Michigan’s Upper Peninsula is one of America’s most secluded and beautiful areas. The forests, lakeshore, rolling hills, and historical sites all offer experiences unique to the area. Camping in the Upper Peninsula, or UP of Michigan is a highlight of the camping we have done through the years. I am beginning to plan a return camping trip with our RV, as it’s been 15 years since we have camped there. If you want to view the stars and enjoy a campfire in solitude, Michigan’s Upper Peninsula is ideal for you.
The UP of Michigan sits near Lake Superior, Lake Michigan, and Lake Huron. It is a gem in one of the far north areas of the United States. As you drive through this incredible peninsula, embrace the views and experiences that you see along the way. Highway 2, along the southern portion of the peninsula, offers views of Lake Michigan. Several parking areas along the route are RV friendly. Many campsites will welcome you and your RV as you take off to explore the beauty of Northern Michigan. After all, every day is a grand day when you step outside the door of your RV to the incredible UP wilderness.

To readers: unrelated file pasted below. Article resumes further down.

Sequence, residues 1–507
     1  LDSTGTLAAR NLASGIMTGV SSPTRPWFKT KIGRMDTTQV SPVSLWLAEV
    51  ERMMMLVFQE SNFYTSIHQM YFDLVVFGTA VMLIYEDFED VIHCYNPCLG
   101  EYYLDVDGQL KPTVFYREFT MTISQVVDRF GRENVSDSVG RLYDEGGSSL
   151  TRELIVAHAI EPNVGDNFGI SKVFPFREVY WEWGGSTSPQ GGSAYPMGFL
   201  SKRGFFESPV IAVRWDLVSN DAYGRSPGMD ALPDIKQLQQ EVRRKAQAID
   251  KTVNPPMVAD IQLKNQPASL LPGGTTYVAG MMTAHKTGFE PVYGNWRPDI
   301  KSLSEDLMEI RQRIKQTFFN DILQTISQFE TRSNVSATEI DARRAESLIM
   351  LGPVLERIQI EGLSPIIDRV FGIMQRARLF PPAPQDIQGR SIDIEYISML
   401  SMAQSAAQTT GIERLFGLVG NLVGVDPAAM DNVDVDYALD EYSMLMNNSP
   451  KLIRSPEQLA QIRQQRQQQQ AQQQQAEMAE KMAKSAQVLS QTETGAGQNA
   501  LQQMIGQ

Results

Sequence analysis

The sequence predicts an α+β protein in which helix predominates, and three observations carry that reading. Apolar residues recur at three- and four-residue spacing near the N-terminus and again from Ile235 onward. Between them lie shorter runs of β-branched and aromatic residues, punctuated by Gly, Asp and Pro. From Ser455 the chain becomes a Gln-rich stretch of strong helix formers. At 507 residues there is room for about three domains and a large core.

My family and I were introduced to Houghton, Michigan, 20 years ago and found ourselves returning each summer for the next several years. It is a small town in the Northern tier of the Keweenaw Peninsula. There are several campgrounds in and around Houghton where you can set up your RV and then drive through the area.
Tour the Quincy Mine. If you are curious about what a miner’s life is like, this tour is for you. Guided tours are offered, and it’s the best way to experience the mine. Dress appropriately, as the mine is 43 degrees. You will also want to wear closed-toed shoes.
The A. E. Seaman Mineral Museum of Michigan is home to more than 40,000 mineral specimens that came to fruition in 1838. Minerals from the Great Lakes region and around the world are at home here. The Guinness World Record 19-ton native copper vein is on display in the Copper Pavilion. There is a small fee to visit, and you can easily spend several hours exploring. Most visitors spend two full hours viewing the colorful minerals. Before you head back to your campsite, swing into the local grocery store to load up your camper for your stay in Michigan’s Upper Peninsula.